Fig. 8.
Fig. 8.

Cross sections of 30–35-km y-averaged buoyancy (m s−2, shaded) and vertical motion (0.5, 1.5, 3, and 6 m s−1 contoured black, −0.5, −1.5, −3, and −6 m s−1 contoured orange) for the storm interacting with the −6-K-θ′ 1.5-km-deep MABL at (a) 165 and (b) 375 min (includes vertical motion values of 0.1 and −0.1 m s−1 in dashed, and potential temperature contours every 2 K in aquamarine beginning at 284 K). Note that the horizontal domain in (b) is zoomed in to 445–475 km. (c),(top to bottom) Time series located at 480 km of 30–35-km y-averaged 500-m potential temperature (θ500m), 500-m pressure (p500m), 500-m water vapor mixing ratio (qυ-500m), 25-m temperature (Tsfc), and surface wind (usfc). Cross sections of 30–35-km y-averaged passive tracers released at 375 min initialized between 460 and 470 km in the horizontal, and between the surface and 500 m (shaded purple), 500 and 1000 m (shaded orange), 1000 and 1500 m (shaded gray), and 1500 and 2000 m (shaded blue) in the vertical at (d) 385 and (e) 395 min, as shown in (b). Buoyancy < −0.05 m s−2 is shaded light blue.

Citation: Journal of the Atmospheric Sciences 77, 12; 10.1175/JAS-D-20-0044.1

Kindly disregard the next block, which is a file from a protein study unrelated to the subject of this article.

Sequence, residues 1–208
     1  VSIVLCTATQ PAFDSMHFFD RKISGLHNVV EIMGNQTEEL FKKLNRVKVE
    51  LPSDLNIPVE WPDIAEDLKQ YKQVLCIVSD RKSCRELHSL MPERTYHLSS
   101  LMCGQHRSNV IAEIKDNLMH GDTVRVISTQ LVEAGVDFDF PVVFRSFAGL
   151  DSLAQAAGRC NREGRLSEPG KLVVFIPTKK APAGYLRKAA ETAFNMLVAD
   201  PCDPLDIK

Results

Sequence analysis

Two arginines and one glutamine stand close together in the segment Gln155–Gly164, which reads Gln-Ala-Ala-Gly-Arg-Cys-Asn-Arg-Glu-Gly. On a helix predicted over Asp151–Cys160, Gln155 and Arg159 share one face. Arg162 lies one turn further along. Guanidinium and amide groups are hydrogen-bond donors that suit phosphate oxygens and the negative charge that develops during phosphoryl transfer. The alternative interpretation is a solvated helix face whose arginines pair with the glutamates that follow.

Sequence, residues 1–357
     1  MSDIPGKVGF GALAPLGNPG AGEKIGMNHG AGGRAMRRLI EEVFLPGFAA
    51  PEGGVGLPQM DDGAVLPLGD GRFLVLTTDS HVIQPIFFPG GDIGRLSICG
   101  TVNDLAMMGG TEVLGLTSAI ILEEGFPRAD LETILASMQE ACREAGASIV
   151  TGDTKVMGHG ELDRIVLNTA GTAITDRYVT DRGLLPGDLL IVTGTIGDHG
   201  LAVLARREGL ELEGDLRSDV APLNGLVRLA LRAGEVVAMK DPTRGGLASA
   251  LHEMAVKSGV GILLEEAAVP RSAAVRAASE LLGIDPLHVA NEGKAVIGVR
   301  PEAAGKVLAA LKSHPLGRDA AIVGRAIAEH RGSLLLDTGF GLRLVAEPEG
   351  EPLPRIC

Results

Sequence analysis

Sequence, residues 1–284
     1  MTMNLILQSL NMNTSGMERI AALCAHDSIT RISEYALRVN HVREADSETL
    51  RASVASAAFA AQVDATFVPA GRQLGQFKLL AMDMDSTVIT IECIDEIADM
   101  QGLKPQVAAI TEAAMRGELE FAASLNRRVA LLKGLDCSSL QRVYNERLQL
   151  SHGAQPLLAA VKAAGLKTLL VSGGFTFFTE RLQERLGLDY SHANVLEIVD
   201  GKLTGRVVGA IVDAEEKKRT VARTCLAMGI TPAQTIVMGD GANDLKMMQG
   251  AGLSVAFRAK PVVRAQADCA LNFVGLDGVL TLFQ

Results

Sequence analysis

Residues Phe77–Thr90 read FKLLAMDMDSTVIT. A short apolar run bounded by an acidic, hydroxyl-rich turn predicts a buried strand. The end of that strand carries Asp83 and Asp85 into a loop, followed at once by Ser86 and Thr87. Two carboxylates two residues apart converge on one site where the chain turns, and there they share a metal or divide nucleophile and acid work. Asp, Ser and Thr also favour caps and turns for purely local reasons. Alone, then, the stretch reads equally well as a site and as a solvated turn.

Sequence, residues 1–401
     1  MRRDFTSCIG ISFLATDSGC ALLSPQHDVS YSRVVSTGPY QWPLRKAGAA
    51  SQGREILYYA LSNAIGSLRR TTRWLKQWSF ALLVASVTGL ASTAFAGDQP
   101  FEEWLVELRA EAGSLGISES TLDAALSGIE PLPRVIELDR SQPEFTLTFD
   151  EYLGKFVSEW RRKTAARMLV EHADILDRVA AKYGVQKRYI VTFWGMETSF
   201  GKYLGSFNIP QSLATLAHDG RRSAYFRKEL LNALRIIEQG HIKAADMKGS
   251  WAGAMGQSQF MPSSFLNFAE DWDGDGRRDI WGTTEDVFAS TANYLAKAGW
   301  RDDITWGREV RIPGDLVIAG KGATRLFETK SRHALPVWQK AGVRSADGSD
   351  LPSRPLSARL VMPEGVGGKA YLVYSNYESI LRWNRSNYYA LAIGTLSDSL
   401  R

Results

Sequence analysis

Additional evidence of bore development is provided in y-averaged cross sections of total vertical acceleration, the vertical acceleration component from flow dynamics (Fig. 9a), and the vertical acceleration component from buoyancy (Fig. 9b). Decomposition of the total vertical acceleration illustrates the physical processes associated with the vertical acceleration. Patterns in these fields aid in the identification of the type of ascent mechanism associated with the acceleration. For density currents, the dynamic pressure perturbation is maximized in front of the cold pool leading edge, associated with ascent at the leading edge, while the buoyant pressure perturbation is maximized behind, associated with the horizontal movement of the current. For gravity waves, an oscillatory pattern in both the dynamic and buoyant pressure perturbation fields is common. The total pressure perturbation p′ in the anelastic, inviscid Lagrangian vertical momentum equation can be separated into the dynamic pressure perturbation pd from variations in the flow field and the buoyant pressure perturbation pd from variations in density,